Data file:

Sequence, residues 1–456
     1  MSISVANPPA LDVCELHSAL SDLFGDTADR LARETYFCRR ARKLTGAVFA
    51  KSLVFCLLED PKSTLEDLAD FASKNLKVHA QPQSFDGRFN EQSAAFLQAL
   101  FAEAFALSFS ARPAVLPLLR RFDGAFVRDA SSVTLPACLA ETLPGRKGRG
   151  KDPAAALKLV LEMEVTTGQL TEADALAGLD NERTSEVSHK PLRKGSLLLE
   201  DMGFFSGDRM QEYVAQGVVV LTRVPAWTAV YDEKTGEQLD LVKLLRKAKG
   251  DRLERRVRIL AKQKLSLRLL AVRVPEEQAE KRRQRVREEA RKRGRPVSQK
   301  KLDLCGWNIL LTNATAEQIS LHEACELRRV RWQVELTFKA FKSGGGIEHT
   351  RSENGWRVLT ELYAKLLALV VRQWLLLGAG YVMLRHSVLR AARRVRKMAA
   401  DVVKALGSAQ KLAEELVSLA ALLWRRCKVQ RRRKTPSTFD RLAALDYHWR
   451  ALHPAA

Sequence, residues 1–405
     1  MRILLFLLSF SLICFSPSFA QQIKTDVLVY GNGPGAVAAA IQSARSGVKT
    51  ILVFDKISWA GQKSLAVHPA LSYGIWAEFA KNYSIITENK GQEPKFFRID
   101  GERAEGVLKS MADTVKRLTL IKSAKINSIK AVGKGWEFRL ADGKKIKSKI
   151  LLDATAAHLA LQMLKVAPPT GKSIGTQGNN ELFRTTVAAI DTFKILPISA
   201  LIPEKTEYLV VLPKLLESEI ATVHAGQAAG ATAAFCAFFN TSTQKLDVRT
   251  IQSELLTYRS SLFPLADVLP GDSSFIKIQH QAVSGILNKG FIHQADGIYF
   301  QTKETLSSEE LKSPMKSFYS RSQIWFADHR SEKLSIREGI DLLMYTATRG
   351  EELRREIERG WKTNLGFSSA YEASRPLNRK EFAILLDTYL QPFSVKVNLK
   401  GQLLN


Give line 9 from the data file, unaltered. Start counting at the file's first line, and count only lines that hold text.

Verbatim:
   351  RSENGWRVLT ELYAKLLALV VRQWLLLGAG YVMLRHSVLR AARRVRKMAA